Henry Winkler

Henry Winkler knows a thing or two about Hollywood, having enjoyed success in the business for more than four decades. Not only is he an actor, director, and producer, he’s also a New York Times best-selling author.

Born Oct. 30, 1945, in New York City, Henry began performing at 14. A 1970 graduate of the Yale School of Drama, he headed to Los Angeles in 1973 and quickly found work in commercials and TV. That October, Garry Marshall and Tom Miller cast Winkler as Arthur Fonzarelli, aka “The Fonz” or “Fonzie” in the TV series Happy Days. During his 10 years on the series, Henry won two Golden Globe Awards and earned three Emmy Award nominations. He was honored with a star on the Hollywood Walk of Fame.

While Happy Days and The Fonz continue to live in the past thanks to cable television, Henry Winkler lives very much in the present.

Henry’s newest adventure is co-starring with Bill Hader on HBO’s BARRY, which airs Sunday nights. He also executive produces and stars in BETTER LATE THAN NEVER, a funny travel reality show on NBC, along with William Shatner, George Foreman, Terry Bradshaw, and comedian Jeff Dye. Mr. Winkler has a regular recurring role on Arrested Development, which will air again late this summer.

He was previously seen on the popular Adult Swim series Children’s Hospital, Royal Pains, The New Girl, and Parks and Recreation. His guest role in the ABC series The Practice earned him an Emmy nomination. He has numerous other TV guest star and voice credits including Emmy-winning voice work on Clifford: The Puppy Years.

Besides his television work, Henry made his mark in films including Night Shift, Here Comes the Boom, The Waterboy, Click, The Lords of Flatbush, Heroes, Holes, and Scream. Directing credits include Memories of Me, starring Billy Crystal and the late Alan King, and Cop and a Half, starring Burt Reynolds.

Henry has executive produced or produced TV series and specials for 19 years. They include MacGyver, So Weird, Mr. Sunshine, Sightings, A Family Again, All Kids Do It (which won him an Emmy Award), Ryan’s Four, Scandal Sheet, and the ABC documentary Who Are the DeBolts and Where Did They Get 19 Kids? Which won the prestigious Humanitas Prize.

Henry has appeared on Broadway in Neil Simon’s The Dinner Party and David West Read’s The Performers. In 2003, Henry added “author” to his long list of accomplishments with the instant best-seller Niagara Falls, or Does It? Hank Zipzer, the World’s Greatest Underachiever.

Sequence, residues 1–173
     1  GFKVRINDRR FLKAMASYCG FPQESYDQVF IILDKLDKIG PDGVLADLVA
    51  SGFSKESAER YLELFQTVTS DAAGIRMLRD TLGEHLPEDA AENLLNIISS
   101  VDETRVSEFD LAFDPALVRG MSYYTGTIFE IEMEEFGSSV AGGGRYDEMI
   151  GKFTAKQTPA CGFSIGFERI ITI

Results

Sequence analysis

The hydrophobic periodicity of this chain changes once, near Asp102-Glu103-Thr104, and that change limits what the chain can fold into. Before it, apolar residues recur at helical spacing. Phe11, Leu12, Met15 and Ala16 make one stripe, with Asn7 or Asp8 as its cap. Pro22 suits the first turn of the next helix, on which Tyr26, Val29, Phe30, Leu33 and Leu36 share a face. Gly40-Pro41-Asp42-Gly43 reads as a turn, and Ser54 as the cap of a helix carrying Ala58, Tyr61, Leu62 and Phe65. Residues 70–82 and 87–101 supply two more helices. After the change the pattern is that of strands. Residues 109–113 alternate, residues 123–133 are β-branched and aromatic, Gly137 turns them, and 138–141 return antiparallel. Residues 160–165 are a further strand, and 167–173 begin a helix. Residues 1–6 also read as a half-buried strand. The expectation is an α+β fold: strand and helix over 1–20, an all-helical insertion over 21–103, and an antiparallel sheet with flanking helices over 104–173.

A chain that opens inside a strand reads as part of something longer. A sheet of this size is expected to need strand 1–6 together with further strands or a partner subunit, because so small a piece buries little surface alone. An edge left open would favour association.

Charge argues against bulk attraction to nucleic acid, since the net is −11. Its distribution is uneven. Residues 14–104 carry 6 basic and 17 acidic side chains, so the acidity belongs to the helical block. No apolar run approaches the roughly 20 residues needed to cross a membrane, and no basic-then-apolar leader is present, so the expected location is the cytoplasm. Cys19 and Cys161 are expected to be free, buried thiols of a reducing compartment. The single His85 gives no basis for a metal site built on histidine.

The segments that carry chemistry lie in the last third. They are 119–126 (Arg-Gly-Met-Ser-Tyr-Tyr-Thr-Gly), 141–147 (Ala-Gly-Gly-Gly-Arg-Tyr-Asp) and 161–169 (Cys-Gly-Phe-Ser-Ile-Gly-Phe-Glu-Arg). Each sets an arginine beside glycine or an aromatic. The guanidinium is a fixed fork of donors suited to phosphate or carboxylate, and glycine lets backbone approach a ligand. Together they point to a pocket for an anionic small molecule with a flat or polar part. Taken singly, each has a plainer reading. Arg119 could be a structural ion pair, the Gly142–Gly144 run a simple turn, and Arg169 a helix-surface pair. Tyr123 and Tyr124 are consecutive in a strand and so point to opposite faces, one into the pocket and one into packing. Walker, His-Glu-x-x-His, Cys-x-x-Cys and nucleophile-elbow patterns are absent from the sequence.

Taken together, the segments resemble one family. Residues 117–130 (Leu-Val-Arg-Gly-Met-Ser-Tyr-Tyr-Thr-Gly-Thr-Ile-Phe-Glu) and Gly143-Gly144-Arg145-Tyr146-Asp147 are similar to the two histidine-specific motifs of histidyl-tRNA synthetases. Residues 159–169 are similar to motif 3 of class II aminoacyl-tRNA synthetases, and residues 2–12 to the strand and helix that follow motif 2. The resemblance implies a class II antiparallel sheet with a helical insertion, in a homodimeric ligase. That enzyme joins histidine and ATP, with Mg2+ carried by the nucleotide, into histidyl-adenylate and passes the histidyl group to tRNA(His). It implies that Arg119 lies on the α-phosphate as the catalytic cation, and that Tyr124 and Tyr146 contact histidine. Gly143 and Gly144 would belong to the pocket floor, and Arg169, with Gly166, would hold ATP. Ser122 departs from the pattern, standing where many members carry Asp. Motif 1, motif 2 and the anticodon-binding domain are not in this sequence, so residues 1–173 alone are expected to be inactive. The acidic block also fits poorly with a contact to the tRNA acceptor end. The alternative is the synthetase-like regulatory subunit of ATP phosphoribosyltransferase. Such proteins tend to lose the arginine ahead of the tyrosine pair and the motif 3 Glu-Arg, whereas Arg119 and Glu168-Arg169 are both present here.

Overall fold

To date, he and co-author Lin Oliver have written 33 children’s novels. The books were inspired by Henry’s struggle throughout his education due to his learning challenges. The Here’s Hank series features the font Dyslexie, designed by a dyslexic Dutch graphic designer. With Lin Oliver, Henry also created the children’s book series Ghost Buddy.

The Hank Zipzer books became a series on the Children’s British Broadcasting Channel, and a third season will air this summer with Henry co-starring as Mr. Rock, the music teacher.

In addition to the children’s books, Henry also published I’ve Never Met an Idiot on the River, a book of life lessons inspired by his love of fly fishing.

Henry is associated with many charitable and educational groups, especially those that help children. Among them are United Friends of the Children; the Children’s Action Network; the Epilepsy Foundation of America; Toys for Tots; the National Committee for Arts for the Handicapped; Special Olympics; and the Los Angeles Music Center’s Very Special Arts Festival for children with physical challenges.

For his commitment to helping others, he’s been recognized by B’nai B’rith and AARP; received the United Nations Peace Prize; and received the Chevalier de l’Ordre des Artes et Lettres, the French government’s highest honor. With wife Stacey he has received Women in Film’s Norma Zarky Humanitarian Award.

His own challenges with learning – the diagnosis of dyslexia came when he was 31 – led him to send this message to children coping with their own learning difficulties: “No matter how you learn, it has nothing to do with your brilliance. You have greatness inside of you.” This quote from Austrian Jewish author Theodor Herzl is Henry’s mantra: “If you will it, it is not a dream.”

Of all the titles he has received, the ones he relishes most are husband, father, and grandfather. Henry and Stacey have three children, Jed, Zoe, and Max, and five grandchildren. The Winklers reside in Los Angeles with their dogs, Sadie and Linus.